Blanca also made a Red Salsa in the South Arm Community Kitchen.  The primary ingredient in the Red Salsa is tomatoes which give it the red colour.  However, the day we made the Red Salsa, it did not turn out very red as the cilantro’s green colour seemed to dominate the red of the tomatoes.


The Red Salsa can be made just like the Green Salsa, i.e., boil the ingredients first, then blend and reboil.  However, Blanca showed us another way which blends the ingredients first, then boil.


  • Tomatoes, cut into quarters
  • rough chopped onion
  • chopped cilantro
  • serranos (optional)
  • salt to taste



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Green Salsa

Blanca made two types of Green Salsa to serve with her Homemade Tortillas.  One of the Green Salsa is plain while the other Green Salsa has avocado added to it.  The avocado adds creaminess to the Green Salsa.  If you like this recipe, you should also check Blanca’s recipe on Red Salsa too.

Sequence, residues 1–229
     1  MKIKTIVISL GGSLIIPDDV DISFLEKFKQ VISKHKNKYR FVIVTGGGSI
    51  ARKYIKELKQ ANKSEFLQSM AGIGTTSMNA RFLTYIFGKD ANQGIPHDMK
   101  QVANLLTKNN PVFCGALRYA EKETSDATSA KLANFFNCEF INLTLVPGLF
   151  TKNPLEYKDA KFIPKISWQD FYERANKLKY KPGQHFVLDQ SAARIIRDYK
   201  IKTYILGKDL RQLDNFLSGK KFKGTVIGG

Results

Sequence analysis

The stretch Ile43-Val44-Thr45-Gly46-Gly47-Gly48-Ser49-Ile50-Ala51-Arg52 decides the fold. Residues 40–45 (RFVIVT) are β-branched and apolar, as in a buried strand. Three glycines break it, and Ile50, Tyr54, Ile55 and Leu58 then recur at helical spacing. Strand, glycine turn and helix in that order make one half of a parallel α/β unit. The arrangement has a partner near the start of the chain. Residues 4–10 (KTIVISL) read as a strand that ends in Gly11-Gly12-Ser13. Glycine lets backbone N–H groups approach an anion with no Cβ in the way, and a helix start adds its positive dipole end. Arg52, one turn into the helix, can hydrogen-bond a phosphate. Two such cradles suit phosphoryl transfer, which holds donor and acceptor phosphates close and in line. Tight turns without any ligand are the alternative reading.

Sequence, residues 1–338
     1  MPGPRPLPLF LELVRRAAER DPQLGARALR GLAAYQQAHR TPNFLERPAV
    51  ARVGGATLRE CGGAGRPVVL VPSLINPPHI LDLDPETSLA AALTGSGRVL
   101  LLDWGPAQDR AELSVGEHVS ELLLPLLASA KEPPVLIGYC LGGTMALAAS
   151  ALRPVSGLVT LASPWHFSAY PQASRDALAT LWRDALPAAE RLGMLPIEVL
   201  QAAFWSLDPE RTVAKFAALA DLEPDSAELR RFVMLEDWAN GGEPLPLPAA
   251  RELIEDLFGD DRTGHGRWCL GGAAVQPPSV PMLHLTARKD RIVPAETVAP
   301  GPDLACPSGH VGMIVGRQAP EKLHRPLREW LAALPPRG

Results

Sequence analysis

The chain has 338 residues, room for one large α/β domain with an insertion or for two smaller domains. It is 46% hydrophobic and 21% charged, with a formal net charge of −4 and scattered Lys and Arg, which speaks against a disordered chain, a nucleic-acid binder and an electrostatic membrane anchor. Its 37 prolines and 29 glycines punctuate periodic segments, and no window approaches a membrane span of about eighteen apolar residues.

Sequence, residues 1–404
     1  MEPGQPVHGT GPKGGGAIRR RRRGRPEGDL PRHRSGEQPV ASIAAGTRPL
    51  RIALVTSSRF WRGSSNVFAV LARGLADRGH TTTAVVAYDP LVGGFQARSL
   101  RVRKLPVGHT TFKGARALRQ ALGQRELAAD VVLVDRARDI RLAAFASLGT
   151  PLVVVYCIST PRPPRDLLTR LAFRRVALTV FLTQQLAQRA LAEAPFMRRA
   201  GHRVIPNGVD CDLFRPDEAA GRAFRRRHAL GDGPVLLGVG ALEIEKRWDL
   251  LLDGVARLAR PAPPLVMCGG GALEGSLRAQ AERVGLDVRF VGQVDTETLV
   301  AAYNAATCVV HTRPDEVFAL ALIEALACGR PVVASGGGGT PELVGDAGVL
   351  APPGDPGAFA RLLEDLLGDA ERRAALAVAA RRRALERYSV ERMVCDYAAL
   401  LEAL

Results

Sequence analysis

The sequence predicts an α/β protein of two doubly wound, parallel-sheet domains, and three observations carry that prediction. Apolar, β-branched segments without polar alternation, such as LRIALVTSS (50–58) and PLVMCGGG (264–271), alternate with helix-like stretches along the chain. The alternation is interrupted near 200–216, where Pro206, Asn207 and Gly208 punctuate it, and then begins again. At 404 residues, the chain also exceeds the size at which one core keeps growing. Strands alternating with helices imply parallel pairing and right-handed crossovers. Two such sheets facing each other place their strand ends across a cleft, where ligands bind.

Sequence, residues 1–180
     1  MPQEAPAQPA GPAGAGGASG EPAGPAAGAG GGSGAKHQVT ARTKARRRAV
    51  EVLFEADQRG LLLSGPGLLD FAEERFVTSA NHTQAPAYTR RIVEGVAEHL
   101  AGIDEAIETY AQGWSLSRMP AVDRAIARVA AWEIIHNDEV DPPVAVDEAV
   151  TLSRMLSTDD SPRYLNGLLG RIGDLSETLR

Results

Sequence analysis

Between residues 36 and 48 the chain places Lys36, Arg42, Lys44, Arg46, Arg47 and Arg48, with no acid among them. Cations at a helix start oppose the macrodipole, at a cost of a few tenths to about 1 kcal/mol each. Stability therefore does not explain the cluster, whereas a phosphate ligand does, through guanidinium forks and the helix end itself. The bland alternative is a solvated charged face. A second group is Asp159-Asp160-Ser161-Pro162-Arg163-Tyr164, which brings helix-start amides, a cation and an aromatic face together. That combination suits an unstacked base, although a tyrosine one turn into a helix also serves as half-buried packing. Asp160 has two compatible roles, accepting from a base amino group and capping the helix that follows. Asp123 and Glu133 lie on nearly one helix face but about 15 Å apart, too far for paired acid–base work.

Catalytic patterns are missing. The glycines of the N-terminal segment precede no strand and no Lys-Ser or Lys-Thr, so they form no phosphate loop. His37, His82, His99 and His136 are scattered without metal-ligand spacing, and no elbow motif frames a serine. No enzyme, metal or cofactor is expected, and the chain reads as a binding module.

The green salsa can be made with both red and green tomatoes or only with green tomatoes.


Green tomato is also called tomatillo.  It is also known as husk tomato, husk cherry, Mexican tomato, jamberry or ground cherry.  Tomatillo in Mexico means ‘little tomato’.  The tomatillo fruit is surrounded by a paper-like husk, hence the name husk tomato.  Tomatillos are the key ingredient in fresh and cooked LatinAmerican green sauces.


  • Green tomato
  • Red tomato (optional)
  • Cilantro
  • Serranos chili
  • rough chopped onion
  • salt to taste



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Making Pizza from Scratch: Pizza Sauce (Part 2 of 5)

Carol and Margaret were incharged of making the Pizza Sauce in the South Arm Community Kitchen for seniors. This recipe is adapted from Gourmet. It makes about 2 1/2 cups of Pizza Sauce.



  • a 28-oz can crushed tomatoes in puree (about 3 1/2 cups)
  • 3 tablespoons olive oil
  • 1/2 teaspoon dried oregano
  • salt to taste


  1. In a large non-reactive saucepan, bring the tomatoes puree and oil to a simmer.
  2. Simmer, uncovered, stirring occasionally for 20 minutes or until the sauce is reduced to about 2 1/2 cups.
  3. Season the sauce with salt and cool to room temperature.
  4. The sauce can be kept in the refrigerator, covered for 5 days.